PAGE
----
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How To Grow A Garden Of Colorado Native Plants

Published Date: Mar 24, 2016

Folks in Colorado know that there's no telling what type of weather each day will bring during winter. A sunny morning can easily follow a windy night of snowfall. However, the opposite is true when summer rolls around. During the warmer months, residents know to expect a hot and dry climate. While families use pools and air conditioning to safeguard against the heat, Mother Nature has its own defense. Many Colorado plants are drought-tolerant and acclimated to the higher elevation, which means a garden full of native flowers and shrubbery will be fruitful all season long. Here are a few tips to get started in this landscaping venture: Be unique and reap the benefits Standard flowers like pansies and marigolds fill gardens everywhere, so growing native species can easily make a yard stand out. Homeowners can be the talk of the block by opting for some of the beautiful, natural plants the state has to offer.

As The City of Boulder website explained, going with native buds not only gives homeowners an edge in creativity, but it also provides an advantage in the survival of their gardens. During the millions of years that certain plants have developed in Colorado, many of the species adapted to the weather and are able to thrive with minimal water and maintenance. If these plants can go without rainfall, they can also live without a sprinkler.

Know the native plants Of course, growing a garden of native plants means homeowners must know which species to cultivate. Here are a few options:

  • Rubber rabbitbrush:


    Otherwise known as chamisa, this plant is abundant in the western half of the U.S. Its yellow blossoms stand on stems that range from 1-6 feet tall and have a whitish green hue. However, because this plant is so widespread throughout the country, it has a number of subspecies and may vary in color. In addition to creating a picturesque scene, homeowners who plant rubber rabbitbrush may receive visits from beautiful butterflies.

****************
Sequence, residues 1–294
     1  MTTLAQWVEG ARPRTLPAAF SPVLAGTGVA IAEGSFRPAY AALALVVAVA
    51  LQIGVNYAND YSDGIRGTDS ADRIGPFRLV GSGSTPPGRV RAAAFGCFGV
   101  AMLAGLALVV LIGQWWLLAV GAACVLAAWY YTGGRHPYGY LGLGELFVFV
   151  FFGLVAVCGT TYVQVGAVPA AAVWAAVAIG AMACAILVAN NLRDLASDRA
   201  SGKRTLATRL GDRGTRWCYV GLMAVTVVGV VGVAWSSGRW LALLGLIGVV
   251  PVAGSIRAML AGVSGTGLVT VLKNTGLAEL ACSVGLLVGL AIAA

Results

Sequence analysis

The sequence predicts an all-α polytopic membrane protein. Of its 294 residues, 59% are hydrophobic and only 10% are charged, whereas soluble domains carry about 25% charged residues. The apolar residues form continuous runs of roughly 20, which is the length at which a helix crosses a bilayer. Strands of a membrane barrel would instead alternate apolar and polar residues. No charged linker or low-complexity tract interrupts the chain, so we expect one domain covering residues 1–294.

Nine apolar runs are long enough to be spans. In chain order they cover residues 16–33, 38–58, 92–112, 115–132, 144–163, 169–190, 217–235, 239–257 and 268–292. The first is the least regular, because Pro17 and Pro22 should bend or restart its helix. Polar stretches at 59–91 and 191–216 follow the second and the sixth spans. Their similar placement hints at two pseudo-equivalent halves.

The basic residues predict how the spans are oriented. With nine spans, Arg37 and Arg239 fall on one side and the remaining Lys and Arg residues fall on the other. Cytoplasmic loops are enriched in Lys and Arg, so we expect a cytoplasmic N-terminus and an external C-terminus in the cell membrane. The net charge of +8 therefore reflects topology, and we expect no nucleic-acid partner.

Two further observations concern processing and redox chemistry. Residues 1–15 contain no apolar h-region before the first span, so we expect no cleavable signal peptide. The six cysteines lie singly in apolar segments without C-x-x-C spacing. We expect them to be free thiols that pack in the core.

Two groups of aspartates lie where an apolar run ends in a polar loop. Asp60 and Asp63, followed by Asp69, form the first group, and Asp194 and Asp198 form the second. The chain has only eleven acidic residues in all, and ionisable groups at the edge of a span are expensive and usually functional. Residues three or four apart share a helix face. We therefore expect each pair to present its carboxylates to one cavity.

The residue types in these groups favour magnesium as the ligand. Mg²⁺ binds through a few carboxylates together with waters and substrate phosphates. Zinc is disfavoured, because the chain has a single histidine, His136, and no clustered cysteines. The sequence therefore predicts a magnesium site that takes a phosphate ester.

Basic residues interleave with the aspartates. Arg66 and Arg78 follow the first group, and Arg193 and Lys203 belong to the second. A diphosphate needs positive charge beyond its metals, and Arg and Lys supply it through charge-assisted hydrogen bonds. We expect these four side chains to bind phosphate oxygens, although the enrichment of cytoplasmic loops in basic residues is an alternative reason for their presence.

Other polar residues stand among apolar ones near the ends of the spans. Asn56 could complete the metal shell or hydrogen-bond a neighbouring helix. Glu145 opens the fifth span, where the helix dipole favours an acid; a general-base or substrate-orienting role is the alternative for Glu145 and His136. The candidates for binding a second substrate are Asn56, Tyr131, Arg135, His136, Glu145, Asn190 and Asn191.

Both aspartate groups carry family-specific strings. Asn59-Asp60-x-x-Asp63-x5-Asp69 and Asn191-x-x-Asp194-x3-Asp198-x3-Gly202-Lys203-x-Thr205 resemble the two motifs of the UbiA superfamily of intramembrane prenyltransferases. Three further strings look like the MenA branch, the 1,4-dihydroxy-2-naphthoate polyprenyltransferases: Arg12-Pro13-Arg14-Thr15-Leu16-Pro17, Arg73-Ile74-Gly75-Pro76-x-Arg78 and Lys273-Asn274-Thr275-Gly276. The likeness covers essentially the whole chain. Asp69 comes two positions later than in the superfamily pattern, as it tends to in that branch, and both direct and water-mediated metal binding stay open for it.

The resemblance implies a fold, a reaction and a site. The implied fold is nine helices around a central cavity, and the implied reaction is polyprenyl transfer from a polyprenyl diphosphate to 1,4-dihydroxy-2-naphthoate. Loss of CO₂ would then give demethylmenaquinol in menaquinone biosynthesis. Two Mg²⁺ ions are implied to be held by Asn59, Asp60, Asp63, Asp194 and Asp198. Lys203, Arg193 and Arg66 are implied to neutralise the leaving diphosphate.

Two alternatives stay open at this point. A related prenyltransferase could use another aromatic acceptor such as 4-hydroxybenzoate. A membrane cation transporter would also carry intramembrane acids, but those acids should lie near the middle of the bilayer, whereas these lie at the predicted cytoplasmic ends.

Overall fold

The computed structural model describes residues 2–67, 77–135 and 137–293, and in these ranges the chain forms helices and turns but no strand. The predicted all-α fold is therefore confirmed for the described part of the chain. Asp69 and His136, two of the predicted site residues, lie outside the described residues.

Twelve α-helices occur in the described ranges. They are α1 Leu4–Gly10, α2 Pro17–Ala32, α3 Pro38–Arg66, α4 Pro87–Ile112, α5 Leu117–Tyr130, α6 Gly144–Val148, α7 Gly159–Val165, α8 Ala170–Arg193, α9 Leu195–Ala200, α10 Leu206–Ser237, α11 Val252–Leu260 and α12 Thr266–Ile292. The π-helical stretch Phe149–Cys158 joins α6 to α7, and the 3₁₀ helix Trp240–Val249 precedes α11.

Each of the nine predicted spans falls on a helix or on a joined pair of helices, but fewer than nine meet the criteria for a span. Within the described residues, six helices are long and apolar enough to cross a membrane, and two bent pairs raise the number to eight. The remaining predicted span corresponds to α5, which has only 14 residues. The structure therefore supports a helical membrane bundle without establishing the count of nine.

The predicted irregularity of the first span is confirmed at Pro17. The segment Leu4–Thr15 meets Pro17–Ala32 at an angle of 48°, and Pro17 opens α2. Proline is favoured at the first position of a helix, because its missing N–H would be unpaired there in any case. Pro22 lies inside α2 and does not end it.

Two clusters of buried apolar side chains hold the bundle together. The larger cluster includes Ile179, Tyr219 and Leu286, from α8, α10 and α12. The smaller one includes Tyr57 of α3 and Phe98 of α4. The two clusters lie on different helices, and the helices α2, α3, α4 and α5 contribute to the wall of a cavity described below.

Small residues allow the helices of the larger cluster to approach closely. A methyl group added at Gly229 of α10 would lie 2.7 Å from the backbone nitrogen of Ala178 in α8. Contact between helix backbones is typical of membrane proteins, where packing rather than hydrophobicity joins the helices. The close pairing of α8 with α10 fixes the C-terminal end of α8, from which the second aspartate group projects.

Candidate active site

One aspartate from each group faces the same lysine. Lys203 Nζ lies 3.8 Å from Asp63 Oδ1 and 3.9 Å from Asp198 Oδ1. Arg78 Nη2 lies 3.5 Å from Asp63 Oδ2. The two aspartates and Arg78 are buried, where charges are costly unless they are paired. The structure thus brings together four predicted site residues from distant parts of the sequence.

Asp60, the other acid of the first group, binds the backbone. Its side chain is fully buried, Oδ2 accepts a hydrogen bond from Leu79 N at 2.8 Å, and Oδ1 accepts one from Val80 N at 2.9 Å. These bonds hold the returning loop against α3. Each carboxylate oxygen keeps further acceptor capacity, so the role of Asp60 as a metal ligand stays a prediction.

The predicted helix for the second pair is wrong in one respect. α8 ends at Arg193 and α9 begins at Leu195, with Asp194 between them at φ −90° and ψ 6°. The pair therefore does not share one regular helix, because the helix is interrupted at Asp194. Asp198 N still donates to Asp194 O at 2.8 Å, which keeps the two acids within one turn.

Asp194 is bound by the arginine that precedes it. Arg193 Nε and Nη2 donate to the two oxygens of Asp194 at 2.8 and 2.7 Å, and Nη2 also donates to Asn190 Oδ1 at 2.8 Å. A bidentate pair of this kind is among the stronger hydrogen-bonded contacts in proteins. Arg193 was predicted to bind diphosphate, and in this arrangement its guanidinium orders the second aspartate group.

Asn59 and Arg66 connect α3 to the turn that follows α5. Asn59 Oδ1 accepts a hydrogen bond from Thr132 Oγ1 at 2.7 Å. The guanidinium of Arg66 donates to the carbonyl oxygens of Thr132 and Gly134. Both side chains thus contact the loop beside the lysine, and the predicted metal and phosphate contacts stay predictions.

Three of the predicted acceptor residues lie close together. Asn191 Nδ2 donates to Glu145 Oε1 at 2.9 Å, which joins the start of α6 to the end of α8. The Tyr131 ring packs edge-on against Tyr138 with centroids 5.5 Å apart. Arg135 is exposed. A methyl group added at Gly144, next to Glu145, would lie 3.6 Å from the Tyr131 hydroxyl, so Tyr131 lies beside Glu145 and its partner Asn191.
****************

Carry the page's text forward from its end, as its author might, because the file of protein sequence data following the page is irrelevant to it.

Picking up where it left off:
• Wood's rose:


    A perennial, this indigenous plant blossoms into beautiful purple flowers atop red, prickly stems in June. As with all of Colorado's native landscape, wood's rose can survive in coarse soil and amid dry climates. As homeowners gaze out their windows at the garden, they may even see wildlife such as white-tailed deer and moose coming to feed on the roses' fruits.

  • Sulphur flower:


    As with the rubber rabbitbrush, the sulphur flower yields a bright shade of yellow. Able to grow at an altitude of 10,500 feet, this indigenous species would make a great asset to any Colorado garden. This plant's nectar attracts cythera metalmark, lupine blue and Rocky Mountain dotted-blue butterflies.

  • Golden currant:


    Colorado residents looking to enjoy native shrubs would do well by growing the golden currant. Able to reach heights of 4-6 feet, this plant yields yellow flowers and black fruits, which attract hungry birds. Its delightful clove scent adds an extra sensory element to this unique species.

  • Spiderwort:


    This native plant produces small flowers with a powerful blue color atop grass-like stems. As such, a widespread garden of spiderworts gives the yard a natural look, allowing homeowners to truly embrace a Colorado-appropriate landscape. Additionally, spiderwort can grow partly in the shade, which is perfect for yards that get covered in the mountains' shadows.


Go to the right plant and seed source While the plants listed above grow naturally in Colorado's drought tolerant landscapes, that doesn't mean homeowners should pluck flowers along hiking trails or parks. In fact, doing so is illegal depending on the location. As such, it's important to go to a reputable supplier.

That being said, some greenhouses advertise plants as indigenous when they really aren't. Homeowners should conduct some research to verify the names of native species before making a landscaping purchase.

With the right knowledge and tools, any Colorado resident can turn his or her backyard into an ideal space for native plants.

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